Eligibility

Ages Eligible for Study:   40 Years to 80 Years   (Adult, Senior)
Sexes Eligible for Study:   All
Accepts Healthy Volunteers:   No
Criteria

Inclusion Criteria:

  • Chronic stroke (>6 months after initial stroke)
  • Age 40-80
  • Stable neurologic deficits
  • Able to walk with an assistive device
  • Language skills to understand the training program safely

Exclusion Criteria:

  • No anticoagulation or medical conditions that preclude exercise.
  • No dementias or depression
  Contacts and Locations
Choosing to participate in a study is an important personal decision. Talk with your doctor and family members or friends about deciding to join a study. To learn more about this study, you or your doctor may contact the study research staff using the Contacts provided below. For general information, see Learn About Clinical Studies.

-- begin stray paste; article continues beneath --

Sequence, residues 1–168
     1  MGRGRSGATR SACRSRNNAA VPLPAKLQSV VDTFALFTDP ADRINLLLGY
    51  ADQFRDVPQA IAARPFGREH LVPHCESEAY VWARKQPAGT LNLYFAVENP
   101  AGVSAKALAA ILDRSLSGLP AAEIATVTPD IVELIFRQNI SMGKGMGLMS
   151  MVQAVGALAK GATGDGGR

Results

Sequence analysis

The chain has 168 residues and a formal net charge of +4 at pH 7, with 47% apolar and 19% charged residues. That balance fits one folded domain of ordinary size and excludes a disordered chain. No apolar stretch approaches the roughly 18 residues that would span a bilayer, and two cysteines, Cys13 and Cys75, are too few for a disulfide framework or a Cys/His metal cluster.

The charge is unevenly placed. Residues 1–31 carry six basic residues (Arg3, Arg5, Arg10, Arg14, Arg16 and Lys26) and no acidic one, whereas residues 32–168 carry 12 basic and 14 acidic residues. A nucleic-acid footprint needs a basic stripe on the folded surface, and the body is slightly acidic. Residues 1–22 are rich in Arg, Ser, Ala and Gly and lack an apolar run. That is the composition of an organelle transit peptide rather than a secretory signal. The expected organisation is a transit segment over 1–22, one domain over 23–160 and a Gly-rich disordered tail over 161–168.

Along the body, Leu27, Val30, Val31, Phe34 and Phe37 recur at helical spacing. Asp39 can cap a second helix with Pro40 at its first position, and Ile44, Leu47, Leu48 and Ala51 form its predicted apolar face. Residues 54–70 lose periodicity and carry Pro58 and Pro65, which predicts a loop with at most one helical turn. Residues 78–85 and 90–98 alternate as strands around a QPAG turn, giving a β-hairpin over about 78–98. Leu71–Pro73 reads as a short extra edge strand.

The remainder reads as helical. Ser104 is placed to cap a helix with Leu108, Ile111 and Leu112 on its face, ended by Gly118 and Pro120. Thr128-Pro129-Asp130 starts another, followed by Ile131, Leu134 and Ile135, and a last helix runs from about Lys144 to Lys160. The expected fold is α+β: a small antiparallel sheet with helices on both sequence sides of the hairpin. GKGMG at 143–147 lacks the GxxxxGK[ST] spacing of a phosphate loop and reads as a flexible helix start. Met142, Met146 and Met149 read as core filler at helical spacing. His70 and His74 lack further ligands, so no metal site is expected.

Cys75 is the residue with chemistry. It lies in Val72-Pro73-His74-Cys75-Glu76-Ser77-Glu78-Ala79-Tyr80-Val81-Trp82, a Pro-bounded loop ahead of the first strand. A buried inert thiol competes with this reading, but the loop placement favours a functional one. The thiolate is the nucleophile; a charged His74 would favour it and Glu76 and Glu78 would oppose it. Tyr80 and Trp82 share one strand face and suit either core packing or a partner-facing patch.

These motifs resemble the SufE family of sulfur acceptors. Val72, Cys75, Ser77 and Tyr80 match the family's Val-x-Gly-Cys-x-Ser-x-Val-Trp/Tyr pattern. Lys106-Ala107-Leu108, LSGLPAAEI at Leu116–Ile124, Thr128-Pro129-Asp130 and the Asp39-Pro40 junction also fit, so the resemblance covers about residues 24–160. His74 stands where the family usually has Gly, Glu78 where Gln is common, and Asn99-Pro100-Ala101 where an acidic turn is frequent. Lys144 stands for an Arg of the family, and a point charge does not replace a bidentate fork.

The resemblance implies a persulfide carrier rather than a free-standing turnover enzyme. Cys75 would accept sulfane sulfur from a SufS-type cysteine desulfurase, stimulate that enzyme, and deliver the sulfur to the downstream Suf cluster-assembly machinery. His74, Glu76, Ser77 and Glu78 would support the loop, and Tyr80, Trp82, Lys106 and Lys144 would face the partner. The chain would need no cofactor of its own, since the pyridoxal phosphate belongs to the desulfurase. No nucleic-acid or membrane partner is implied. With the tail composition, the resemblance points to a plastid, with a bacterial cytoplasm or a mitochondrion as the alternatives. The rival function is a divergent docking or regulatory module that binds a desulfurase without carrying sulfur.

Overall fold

Please refer to this study by its ClinicalTrials.gov identifier: NCT00387712

Locations
United States, Maryland
VA Maryland Health Care System, Baltimore
Baltimore, Maryland, United States, 21201
Sponsors and Collaborators
VA Office of Research and Development
Investigators
Principal Investigator: Charlene Hafer-Macko, MD VA Maryland Health Care System, Baltimore
  More Information

Additional Information:
Publications:

Responsible Party: VA Office of Research and Development
ClinicalTrials.gov Identifier: NCT00387712     History of Changes
Other Study ID Numbers: B3834-R
Study First Received: October 12, 2006
Results First Received: February 21, 2017
Last Updated: June 22, 2017
Individual Participant Data (IPD) Sharing Statement:
Plan to Share IPD: Undecided

Keywords provided by VA Office of Research and Development:
exercise
inflammation
motor performance
skeletal muscle
chronic stroke survivors
treadmill exercise

Additional relevant MeSH terms:
Stroke
Inflammation
Cerebrovascular Disorders
Brain Diseases
Central Nervous System Diseases
Nervous System Diseases
Vascular Diseases
Cardiovascular Diseases
Pathologic Processes

ClinicalTrials.gov processed this record on September 21, 2017